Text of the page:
JustSewSimple

NQR - Do you make bar soap?

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I am allergic to EVERYTHING so I made my own laundry detergent and now I am on a quest to make my own bar soap.  I have had a devil of a time trying to by lye and stearic acid!!!  Apparently drug dealers buy this stuff to cook up their next high so us honest soap makers can't find it locally!  Darn!  I am paying more for shipping than for the lye and acid. Anyone have a source for this stuff?  I am using "Marsha's recipe" from YouTube but if you have a good recipe I'd love to see!  :huh:


Just Sew Simple Sylvia Blissett APQS Freedom '09 "Stitch" Circle Lord 2010 “"Until one has loved an animal, Part of their soul remains unawakened.”

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OK,  after having written this, I found my lye locally!  I could have saved a fortune had I known I could get it at Lowe's!!!!!


Just Sew Simple Sylvia Blissett APQS Freedom '09 "Stitch" Circle Lord 2010 “"Until one has loved an animal, Part of their soul remains unawakened.”

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Sylvia, I think it's great you make your own.  When my girls were little their grandma made soap in big batches and would send some home with all of us.  I didn't care for it at the time, but it worked great for the girls' tender skin.  Now I wished I had gotten the recipe because my post-m skin is so sensitive.  I remember most every step but not the ingredients!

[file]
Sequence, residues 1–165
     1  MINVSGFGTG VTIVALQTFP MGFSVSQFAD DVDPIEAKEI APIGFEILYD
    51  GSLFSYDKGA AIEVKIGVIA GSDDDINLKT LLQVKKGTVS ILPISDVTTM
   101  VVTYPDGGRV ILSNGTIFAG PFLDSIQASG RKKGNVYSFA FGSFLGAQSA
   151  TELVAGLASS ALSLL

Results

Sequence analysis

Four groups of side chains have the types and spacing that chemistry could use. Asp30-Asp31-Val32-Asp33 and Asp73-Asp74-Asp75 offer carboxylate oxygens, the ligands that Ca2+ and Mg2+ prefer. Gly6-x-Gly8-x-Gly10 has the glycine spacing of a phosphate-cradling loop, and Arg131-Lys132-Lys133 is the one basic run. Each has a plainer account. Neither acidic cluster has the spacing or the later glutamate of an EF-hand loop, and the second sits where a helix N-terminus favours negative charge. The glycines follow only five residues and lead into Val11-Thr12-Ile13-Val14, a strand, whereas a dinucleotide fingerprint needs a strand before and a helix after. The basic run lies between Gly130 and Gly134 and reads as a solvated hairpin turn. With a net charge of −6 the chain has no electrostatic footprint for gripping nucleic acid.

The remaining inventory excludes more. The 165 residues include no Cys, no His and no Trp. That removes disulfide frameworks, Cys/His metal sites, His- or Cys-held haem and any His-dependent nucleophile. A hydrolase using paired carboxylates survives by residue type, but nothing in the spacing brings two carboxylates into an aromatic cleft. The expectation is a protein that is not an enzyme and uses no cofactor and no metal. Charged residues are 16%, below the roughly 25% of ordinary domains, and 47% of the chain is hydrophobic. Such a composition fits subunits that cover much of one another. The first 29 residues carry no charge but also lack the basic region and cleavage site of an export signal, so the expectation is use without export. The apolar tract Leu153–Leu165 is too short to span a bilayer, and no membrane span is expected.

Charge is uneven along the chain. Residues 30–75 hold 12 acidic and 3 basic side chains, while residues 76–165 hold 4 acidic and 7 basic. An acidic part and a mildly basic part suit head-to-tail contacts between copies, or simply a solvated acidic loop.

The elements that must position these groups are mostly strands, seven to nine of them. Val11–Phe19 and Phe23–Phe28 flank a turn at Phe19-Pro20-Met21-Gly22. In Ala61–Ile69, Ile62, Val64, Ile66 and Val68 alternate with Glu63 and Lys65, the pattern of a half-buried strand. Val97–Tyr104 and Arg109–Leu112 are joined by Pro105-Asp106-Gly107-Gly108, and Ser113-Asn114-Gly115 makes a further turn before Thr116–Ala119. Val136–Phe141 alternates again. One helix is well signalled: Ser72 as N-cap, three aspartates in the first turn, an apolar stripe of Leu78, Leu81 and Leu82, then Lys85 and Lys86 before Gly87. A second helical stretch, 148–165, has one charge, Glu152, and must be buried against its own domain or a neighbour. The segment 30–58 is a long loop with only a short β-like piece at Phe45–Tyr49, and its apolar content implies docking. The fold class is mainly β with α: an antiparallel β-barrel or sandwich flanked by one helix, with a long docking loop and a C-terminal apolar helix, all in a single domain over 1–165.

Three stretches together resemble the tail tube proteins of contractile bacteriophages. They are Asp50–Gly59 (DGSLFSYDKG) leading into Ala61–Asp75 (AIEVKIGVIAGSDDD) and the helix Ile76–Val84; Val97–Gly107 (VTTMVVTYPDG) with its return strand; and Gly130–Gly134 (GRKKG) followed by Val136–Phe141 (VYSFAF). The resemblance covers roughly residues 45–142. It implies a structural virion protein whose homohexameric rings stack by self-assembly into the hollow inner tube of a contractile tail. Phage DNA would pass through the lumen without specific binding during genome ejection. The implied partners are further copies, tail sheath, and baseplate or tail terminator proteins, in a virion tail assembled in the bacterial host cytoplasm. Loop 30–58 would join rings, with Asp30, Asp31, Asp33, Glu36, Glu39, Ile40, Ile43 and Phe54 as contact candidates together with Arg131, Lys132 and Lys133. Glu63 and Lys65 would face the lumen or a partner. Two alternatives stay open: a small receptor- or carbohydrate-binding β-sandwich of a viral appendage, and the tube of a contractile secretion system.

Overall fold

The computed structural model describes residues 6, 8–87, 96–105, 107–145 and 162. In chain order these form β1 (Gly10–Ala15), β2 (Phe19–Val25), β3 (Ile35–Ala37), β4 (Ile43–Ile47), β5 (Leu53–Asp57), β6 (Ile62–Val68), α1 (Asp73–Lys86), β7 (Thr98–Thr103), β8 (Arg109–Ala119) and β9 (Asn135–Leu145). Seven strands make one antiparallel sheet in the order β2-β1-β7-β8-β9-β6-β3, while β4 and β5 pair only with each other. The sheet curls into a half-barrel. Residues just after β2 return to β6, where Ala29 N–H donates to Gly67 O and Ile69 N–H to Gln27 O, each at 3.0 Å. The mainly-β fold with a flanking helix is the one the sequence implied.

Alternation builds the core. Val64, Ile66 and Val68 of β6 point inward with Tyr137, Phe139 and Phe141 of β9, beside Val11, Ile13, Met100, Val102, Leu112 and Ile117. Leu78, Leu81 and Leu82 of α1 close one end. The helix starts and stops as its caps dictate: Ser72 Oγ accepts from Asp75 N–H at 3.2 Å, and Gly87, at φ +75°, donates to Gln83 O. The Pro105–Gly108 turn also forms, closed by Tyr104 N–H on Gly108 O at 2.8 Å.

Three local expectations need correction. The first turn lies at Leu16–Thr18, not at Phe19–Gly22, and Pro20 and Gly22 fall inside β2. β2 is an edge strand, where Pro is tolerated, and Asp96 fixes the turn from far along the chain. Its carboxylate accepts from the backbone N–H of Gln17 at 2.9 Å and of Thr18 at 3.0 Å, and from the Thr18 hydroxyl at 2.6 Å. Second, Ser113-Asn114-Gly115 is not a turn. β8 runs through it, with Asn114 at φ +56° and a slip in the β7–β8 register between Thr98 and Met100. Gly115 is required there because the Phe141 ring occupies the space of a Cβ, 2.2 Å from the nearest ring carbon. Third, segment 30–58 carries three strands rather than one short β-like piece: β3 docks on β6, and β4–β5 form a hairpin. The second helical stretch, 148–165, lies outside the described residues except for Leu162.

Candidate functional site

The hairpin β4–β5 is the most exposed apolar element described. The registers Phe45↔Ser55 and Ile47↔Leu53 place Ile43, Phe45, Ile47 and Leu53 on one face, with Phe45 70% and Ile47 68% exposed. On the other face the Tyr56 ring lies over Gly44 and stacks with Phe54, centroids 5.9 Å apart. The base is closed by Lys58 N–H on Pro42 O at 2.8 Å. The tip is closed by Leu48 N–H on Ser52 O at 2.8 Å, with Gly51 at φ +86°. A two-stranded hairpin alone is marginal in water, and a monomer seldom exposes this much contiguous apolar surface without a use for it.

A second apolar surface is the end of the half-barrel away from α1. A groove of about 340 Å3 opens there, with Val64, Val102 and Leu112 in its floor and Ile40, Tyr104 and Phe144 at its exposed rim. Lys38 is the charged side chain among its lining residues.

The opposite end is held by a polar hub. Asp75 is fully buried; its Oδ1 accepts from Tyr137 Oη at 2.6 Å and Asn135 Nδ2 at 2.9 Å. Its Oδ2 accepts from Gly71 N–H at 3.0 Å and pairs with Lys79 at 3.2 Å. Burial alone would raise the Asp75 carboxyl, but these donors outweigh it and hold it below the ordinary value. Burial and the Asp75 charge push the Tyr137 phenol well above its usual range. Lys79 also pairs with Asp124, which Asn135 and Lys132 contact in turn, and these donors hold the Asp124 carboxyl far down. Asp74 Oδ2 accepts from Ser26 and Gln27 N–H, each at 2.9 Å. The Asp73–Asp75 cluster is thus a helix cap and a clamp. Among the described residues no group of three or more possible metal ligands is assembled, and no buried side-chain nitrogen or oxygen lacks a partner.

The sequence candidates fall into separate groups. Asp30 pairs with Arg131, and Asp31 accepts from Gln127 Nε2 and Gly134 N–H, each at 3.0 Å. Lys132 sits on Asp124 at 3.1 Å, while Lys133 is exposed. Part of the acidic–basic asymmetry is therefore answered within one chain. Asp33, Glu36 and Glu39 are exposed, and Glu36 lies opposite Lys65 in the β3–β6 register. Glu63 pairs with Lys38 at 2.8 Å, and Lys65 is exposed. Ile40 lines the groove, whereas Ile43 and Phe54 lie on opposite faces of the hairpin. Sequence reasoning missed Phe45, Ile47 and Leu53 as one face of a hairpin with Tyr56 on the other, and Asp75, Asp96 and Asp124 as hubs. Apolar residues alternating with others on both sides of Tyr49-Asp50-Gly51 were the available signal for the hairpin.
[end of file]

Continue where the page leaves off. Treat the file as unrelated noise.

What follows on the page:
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2009 Freedom, and a 1989 Ulti I w/Intellistitch

 

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Sylvia, I used to make soap and sell at craft shows. It has been a while though!

 

A very gentle soap is a Castile soap. If you have allergies, this one may be for you to try first. Castile soap only uses three ingredients: Olive oil, water, and lye. It is very easy to make, though exact measurements are important in soapmaking so that you don't have a lye-heavy soap that burns your skin or dries it out. Hopefully you have a scale that measures in ounces or grams, like a postal scale? (don't buy one of these at the same time you buy your lye. hahaha!!!) Weighing ingredients is much more accurate than measuring by cups.

 

I used to belong to a Yahoo Group called Soapnuts. They have a library that you can use to find more info about soapmaking, both hot process and cold process. There's recipes and all kinds of helpful stuff, and information on safety --  making soap can be dangerous so be careful.

 

http://soapnuts.com/index.shtml

 

The first recipe by Peg Frye on the cold process page is a good Castile soap that easy to make.

 

Please take caution with the lye. Always add lye to cold water. NEVER ADD WATER TO LYE. It can boil and spit up in your face. And please use eye goggles. Wear your safety gear (rubber gloves and goggles) and don't breathe the fumes and you'll be fine.

 

Oh, and there is no need for stearic acid in soaps. You can make a good soap without it.  

 

If you have any questions, I don't mind helping! 

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Well, Miss Bonnie, you are a world of information!!!!  My first try is going to be the recipe from Marsha's Soap on You Tube.  I will use the link to see what I can learn!  Marci, I want to use this on my hair as well as my skin.  My scalp will blister even with baby shampoo!  When I find the "best recipe" I will be in heaven!!!


Just Sew Simple Sylvia Blissett APQS Freedom '09 "Stitch" Circle Lord 2010 “"Until one has loved an animal, Part of their soul remains unawakened.”